These are words from my therapist today.
It was my seventh visit with her, but the first one where I cried. I guess it took me some time to be honest with myself and with her.
Again, her words: “It can be difficult to express your feelings in words, but your tears will help me know you are hurting.”
I’ve been hurting for a while. And I’ve written about it on this blog. Feeling lonely. Missing the daily-ness of my kids. Being unsettled here in Virginia. Searching for my purpose in this second half of my life.
I’ve had some down days over the past few weeks. Not depression, mind you. Just down days. Where I feel sad or out of sorts. Nothing that I can’t get through.
But somehow, I’m surprised each time it happens. As if, because my depression is in remission, all my days should be “up.” Of course, when I think of it logically, I know that’s not realistic. But admitting to down days feels like failure somehow.
So I’ve stuffed the tears. I haven’t let them flow.
We talked about it in my therapy session today. And I cried as I admitted that down days scare me a little. I know they don’t mean depression – not unless they’re two solid weeks of it, plus other symptoms. But still, I’m afraid to admit to the sadness. I don’t handle “negative” emotions very well (especially neither sadness nor anger).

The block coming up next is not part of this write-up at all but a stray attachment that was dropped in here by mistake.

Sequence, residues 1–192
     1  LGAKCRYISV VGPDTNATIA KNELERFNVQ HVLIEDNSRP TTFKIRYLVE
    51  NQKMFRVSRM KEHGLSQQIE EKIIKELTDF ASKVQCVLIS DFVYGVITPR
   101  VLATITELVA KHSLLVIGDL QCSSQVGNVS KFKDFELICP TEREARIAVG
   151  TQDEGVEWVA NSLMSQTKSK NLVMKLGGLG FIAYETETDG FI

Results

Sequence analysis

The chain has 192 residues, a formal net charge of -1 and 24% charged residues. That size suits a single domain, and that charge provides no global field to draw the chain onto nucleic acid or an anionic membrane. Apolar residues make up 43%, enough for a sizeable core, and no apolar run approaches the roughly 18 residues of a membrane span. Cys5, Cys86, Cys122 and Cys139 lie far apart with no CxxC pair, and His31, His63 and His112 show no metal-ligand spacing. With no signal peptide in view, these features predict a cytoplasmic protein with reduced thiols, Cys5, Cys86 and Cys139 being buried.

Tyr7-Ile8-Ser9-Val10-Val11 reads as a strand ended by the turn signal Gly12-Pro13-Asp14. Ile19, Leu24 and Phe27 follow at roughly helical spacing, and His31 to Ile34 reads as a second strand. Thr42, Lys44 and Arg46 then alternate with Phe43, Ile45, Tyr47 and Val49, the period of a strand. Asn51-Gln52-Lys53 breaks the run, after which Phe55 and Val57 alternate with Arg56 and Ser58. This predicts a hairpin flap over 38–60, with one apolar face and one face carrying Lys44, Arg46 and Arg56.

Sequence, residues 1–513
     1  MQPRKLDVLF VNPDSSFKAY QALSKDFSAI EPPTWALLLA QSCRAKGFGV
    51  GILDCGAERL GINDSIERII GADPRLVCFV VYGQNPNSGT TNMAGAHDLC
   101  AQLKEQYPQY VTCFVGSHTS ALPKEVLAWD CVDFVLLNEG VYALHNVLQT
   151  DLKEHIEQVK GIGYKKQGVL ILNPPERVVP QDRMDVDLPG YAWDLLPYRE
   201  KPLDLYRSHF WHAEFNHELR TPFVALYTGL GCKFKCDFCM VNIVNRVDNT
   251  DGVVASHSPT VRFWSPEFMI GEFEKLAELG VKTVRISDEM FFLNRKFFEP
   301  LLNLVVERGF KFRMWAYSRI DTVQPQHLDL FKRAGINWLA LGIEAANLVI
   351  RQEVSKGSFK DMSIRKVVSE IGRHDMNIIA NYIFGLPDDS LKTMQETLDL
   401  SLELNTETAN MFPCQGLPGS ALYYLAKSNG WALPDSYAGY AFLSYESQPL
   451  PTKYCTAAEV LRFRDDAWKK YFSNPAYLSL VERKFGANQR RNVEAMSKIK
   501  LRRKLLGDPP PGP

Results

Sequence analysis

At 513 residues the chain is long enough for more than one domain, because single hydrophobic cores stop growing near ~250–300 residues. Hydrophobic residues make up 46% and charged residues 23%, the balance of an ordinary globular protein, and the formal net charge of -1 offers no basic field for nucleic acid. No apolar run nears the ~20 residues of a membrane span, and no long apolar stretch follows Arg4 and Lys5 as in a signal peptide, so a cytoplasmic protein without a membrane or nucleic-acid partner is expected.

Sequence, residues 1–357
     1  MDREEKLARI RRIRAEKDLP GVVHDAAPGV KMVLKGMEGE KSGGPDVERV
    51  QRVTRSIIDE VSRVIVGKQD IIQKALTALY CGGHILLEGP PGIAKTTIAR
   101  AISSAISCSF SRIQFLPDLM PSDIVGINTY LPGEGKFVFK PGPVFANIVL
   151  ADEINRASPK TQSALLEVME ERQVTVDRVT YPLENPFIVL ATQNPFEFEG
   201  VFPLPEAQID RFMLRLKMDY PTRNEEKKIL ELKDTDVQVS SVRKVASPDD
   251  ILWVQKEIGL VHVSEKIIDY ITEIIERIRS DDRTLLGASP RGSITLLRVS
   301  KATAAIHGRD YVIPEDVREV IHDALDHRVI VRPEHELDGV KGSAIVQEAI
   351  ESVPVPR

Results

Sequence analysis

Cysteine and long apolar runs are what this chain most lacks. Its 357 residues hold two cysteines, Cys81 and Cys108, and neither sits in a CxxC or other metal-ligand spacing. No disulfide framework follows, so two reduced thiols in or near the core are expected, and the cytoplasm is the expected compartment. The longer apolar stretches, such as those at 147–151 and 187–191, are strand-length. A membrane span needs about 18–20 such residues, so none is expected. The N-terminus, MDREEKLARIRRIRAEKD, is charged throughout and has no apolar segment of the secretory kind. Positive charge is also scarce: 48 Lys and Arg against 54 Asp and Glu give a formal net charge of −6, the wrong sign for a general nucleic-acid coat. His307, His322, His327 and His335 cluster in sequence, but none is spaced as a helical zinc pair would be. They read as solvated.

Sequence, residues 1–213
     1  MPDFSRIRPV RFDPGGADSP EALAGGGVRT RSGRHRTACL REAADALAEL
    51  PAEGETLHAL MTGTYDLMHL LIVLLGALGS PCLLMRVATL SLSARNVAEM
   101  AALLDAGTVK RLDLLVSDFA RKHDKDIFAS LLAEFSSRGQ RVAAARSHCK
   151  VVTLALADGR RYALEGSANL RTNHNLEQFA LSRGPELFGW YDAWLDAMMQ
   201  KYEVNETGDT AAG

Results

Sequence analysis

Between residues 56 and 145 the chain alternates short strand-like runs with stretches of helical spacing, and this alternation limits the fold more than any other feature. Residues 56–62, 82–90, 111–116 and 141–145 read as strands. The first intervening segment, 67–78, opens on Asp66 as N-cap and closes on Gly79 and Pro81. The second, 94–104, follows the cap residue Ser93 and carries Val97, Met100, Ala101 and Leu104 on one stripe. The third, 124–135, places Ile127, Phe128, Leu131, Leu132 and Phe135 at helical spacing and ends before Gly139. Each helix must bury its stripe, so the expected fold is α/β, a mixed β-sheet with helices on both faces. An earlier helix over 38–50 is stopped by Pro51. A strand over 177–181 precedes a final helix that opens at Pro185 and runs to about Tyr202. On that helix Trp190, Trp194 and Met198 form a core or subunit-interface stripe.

My therapist challenged me to sit with the sadness a little bit. To not be afraid of it. I recall my old therapist making me sit in my sadness in his office. It is hard.
We also talked about building a ladder of self-care. What steps will I take on down days, or even worse, if I feel depression trying to visit? Not “for a cup of coffee, but for an overnight stay.” What will I do to keep depression at bay, or to get through those tough days when I feel sad?
First, I’ll try to sit with the sadness a little. To not avoid the tears, but let them flow. To not be afraid of them, but to let them cleanse me.
Then I’ll text my husband and a friend, and let them know I’m having a down day. I need to warn them in advance, though, about this self-care process. I don’t want them assuming it’s depression. But I think it’s important for me to tell someone that I’m having a tough day.
Things I want to do on a down day: take a nap; savor a cup of coffee/tea/mocha; listen – loudly! – to my playlists; journal; pray.
Things I can do on a down day: take a walk on the path behind my house – at least around the block; knit; watch a movie from my wish-list; read; dance.
The want list is not very active. And I know activity can help to keep depression at bay. So I’ll need to merge my can list into my want list, which includes a walk or dancing. Get my body moving.
And I’ll practice being with the tears, the sadness. It’s okay to cry.